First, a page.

On Online Dating Sites, Hot Men Say 'Women' but Hot Women Say 'Girls'

According to the data, at least
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Above, a highly technical illustration of how online dating works ( Karen Roach / Shutterstock )

Pity the peacock. He wears a bright plumage, and he flaunts a sexy strut. On a good day, he may even find a mate. But alas! He lacks the tools of data-driven analysis that tell him exactly how to strut, how to wear his plumage, or how to find a mate.

No, that blessing is reserved for humankind. In a series of charts and graphics, Wired has detailed exactly which words in an OK Cupid or Match.com profile read as more attractive. The magazine worked with data scientists at from those two dating sites to gleam the words and phrases in the most attractive profiles—the bits of the lexicon seemingly correlated to generic gorgeousness.

Some of its findings are frivolous. People like people who watch Homeland. Mentioning “cats” is good, “my cats” bad. For both men and women, listing “yoga” and “surfing” among your past times comes off as attractive. (Though whether that’s because surfing is an inherently sexy word—sssurrrfffiiinngggor because surfers are generally, you know, kind of attractive, the authors never say.)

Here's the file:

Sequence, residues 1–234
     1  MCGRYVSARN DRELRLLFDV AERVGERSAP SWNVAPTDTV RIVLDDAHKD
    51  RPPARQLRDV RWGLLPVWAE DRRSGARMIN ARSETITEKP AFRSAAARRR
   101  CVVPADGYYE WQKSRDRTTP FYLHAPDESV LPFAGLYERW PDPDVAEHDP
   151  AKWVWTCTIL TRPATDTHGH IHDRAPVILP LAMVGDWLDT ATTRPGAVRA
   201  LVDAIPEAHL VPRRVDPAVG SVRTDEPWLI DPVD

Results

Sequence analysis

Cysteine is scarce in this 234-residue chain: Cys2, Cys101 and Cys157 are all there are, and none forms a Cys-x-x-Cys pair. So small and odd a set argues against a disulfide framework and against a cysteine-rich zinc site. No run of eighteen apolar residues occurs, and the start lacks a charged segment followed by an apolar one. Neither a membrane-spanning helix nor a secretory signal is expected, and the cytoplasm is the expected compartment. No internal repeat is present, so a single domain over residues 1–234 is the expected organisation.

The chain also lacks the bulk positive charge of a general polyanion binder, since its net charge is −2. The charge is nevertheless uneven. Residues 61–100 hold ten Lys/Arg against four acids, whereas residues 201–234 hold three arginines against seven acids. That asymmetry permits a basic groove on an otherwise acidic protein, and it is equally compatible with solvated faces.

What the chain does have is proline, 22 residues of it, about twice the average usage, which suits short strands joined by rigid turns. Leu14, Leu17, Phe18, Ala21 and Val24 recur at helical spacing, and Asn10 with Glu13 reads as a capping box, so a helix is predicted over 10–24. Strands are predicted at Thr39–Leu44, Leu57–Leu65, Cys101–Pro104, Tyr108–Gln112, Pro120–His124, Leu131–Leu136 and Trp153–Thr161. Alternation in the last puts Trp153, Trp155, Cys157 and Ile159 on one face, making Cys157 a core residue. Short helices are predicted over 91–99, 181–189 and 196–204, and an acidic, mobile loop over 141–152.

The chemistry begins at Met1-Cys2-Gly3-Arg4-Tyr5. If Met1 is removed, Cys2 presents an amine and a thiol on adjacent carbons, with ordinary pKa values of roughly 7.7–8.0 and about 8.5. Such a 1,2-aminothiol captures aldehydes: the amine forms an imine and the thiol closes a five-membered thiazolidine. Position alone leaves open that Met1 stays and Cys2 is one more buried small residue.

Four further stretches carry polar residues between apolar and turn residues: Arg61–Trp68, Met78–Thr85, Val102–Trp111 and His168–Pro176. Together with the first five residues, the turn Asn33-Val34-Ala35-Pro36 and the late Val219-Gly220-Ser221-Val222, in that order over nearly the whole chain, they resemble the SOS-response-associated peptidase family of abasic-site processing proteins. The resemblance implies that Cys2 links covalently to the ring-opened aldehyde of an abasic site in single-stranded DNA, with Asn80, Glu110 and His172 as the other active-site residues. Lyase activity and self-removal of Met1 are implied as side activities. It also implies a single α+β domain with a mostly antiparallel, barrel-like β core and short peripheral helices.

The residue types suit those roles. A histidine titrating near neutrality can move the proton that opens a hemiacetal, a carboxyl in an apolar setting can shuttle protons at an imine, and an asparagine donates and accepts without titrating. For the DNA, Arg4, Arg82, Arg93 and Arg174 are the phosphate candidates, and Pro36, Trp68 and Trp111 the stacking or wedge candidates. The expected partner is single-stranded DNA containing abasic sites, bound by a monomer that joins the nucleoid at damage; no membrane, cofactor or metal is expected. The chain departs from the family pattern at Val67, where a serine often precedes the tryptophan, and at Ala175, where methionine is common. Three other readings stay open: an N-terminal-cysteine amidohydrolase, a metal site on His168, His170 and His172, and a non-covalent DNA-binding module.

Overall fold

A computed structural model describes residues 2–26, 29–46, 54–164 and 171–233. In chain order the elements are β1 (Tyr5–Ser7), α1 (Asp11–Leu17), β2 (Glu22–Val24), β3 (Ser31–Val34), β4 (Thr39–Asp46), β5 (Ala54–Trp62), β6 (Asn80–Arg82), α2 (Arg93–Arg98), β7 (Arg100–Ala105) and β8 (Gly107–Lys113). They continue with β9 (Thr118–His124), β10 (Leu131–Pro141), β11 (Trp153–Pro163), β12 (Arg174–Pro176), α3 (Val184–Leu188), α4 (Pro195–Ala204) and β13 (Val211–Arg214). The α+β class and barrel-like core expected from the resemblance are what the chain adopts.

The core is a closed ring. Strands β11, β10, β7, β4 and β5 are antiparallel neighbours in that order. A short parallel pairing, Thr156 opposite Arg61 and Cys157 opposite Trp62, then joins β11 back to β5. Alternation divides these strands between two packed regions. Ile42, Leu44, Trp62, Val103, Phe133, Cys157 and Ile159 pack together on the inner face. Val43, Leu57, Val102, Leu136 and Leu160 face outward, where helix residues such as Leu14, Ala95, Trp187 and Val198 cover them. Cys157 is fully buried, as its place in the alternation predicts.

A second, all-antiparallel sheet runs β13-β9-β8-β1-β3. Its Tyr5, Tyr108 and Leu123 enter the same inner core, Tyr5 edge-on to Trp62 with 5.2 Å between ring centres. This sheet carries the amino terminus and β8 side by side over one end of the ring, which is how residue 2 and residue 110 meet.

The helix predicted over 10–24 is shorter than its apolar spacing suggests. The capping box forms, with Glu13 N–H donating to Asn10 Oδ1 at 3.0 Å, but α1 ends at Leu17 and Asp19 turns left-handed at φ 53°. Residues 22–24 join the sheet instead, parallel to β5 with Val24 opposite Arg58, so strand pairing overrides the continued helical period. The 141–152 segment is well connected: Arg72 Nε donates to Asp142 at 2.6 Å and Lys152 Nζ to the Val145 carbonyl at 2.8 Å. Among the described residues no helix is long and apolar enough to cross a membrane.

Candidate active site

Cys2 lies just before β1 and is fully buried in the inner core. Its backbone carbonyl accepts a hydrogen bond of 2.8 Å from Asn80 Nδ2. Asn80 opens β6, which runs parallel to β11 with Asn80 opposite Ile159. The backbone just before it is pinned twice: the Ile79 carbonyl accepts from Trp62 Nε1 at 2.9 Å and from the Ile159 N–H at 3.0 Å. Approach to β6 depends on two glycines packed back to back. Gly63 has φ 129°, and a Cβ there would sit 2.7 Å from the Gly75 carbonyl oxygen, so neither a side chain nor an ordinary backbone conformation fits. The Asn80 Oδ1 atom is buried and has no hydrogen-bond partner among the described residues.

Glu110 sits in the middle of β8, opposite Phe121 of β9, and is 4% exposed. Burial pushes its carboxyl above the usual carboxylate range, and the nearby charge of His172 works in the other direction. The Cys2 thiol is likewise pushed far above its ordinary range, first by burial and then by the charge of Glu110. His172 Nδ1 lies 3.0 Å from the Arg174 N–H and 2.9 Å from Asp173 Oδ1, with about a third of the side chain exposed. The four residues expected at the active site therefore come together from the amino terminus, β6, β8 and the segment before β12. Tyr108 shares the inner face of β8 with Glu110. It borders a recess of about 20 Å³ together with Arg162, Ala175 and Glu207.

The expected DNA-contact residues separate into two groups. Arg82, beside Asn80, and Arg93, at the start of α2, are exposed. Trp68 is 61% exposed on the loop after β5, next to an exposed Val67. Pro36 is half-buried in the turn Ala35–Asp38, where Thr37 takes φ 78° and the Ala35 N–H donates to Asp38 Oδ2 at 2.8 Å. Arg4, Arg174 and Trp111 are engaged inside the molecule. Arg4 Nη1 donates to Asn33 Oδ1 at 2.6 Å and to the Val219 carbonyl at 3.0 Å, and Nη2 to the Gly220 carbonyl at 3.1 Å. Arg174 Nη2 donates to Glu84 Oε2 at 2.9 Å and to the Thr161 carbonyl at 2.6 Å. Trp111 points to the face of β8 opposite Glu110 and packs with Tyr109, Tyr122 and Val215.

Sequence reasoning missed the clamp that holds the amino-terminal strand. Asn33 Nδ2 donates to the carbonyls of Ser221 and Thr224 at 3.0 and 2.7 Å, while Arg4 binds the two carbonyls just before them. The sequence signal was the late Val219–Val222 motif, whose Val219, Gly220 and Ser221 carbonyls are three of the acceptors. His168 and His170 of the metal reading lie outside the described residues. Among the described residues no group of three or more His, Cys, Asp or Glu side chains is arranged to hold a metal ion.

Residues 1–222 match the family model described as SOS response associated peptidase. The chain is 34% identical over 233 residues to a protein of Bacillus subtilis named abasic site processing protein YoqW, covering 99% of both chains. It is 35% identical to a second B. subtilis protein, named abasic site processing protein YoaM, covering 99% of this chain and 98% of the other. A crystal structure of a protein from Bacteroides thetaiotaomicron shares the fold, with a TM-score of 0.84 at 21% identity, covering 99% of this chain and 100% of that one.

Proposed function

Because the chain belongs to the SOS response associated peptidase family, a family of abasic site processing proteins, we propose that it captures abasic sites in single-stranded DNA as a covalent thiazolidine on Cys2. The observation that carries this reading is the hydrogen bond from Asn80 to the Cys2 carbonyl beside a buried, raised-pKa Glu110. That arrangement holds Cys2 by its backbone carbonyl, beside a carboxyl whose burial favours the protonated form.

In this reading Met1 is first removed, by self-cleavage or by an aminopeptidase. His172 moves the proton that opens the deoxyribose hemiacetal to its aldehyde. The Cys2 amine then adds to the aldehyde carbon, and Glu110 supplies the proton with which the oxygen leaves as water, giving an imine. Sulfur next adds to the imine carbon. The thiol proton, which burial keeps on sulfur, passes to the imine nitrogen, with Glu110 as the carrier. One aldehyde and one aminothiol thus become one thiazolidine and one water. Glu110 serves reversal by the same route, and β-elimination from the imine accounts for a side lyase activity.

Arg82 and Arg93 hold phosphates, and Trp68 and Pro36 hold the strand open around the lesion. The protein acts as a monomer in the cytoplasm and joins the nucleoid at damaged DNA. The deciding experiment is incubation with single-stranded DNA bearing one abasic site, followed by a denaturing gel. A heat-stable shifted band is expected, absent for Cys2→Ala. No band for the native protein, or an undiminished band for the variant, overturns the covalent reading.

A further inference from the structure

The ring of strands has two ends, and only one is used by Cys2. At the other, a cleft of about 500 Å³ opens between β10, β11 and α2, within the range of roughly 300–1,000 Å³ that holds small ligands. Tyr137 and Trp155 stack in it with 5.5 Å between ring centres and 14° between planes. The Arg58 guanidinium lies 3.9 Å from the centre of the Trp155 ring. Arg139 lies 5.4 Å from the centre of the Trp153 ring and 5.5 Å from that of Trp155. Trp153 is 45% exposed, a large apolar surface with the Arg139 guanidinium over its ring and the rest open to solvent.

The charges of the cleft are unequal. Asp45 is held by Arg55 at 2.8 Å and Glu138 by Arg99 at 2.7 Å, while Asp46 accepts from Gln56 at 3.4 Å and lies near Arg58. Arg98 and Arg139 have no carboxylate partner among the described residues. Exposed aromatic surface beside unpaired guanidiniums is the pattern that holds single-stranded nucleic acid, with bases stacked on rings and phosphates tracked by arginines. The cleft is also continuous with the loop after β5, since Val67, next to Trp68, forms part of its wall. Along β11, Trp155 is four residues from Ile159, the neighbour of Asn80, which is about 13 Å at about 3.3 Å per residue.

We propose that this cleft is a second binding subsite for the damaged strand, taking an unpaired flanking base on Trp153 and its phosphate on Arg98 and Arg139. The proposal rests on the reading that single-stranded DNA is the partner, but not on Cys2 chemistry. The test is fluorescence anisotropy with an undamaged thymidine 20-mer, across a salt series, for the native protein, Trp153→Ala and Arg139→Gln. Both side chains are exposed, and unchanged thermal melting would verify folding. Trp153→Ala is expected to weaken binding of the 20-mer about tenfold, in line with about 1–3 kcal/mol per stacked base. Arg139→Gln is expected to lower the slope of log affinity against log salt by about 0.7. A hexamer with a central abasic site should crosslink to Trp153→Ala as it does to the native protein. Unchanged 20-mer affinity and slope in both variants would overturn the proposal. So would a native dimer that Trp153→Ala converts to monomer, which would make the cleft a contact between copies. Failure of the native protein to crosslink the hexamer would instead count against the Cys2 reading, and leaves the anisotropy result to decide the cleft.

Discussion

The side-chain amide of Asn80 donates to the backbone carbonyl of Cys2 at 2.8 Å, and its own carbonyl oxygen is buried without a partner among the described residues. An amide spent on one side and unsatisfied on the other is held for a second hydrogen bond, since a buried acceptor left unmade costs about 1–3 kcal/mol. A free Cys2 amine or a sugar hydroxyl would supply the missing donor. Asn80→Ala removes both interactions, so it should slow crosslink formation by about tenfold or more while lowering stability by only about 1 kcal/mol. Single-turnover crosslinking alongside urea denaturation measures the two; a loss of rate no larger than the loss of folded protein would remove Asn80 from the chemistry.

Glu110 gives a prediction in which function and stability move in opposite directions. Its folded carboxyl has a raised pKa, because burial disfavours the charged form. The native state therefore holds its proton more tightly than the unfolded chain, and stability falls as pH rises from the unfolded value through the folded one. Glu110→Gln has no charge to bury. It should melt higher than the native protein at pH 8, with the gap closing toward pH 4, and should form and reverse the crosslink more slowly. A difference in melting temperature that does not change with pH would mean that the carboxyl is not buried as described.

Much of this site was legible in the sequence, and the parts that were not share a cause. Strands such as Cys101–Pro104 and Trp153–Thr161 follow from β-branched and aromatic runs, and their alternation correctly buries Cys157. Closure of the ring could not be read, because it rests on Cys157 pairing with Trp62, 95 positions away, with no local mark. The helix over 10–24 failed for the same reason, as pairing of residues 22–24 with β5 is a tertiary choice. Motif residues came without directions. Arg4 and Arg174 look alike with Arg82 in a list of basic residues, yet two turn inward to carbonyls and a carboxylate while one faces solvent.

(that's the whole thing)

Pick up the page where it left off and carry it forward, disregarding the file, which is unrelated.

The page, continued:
And then there’s this disappointing—if unsurprising—finding

  • “It’s 28 percent better for a male to refer to females as WOMAN.
  • “It’s 16 percent better for a female to refer to herself as a GIRL.”

Wired glosses this as, “It pays to be respectable, approachable, and grammatical.” I guess women calling themselves “girls” is the approachable part. The data says, in a fairly straightforward way, that it’s culturally preferable when a woman—at least linguistically—demeans herself. That won’t be news to many. It’s still sad.

That said, from these two data points, we can’t know if the people who call women women are the same ones who prefer when women call themselves girls. There could be a respectful cohort of straight men and gay women out there, always saying the w-word, a separate if smaller group from the people who prefer girl. There’s also a whole world of relationships that Wired doesn’t account for—you can only be a man or a woman, heterosexual or homosexual—and that may be clouding this tiny result.

After dropping those two data points, the magazine instructs unto straight men how to appear more attractive: Use whom. Whom-using men get “31 percent more contacts from the opposite sex,” it says. And if you’re interested in deploying that w-word (even if it’s in decline), the linguistics blog Language Log has a usage guide

via @debcha

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Robinson Meyer is an associate editor at The Atlantic, where he covers technology.

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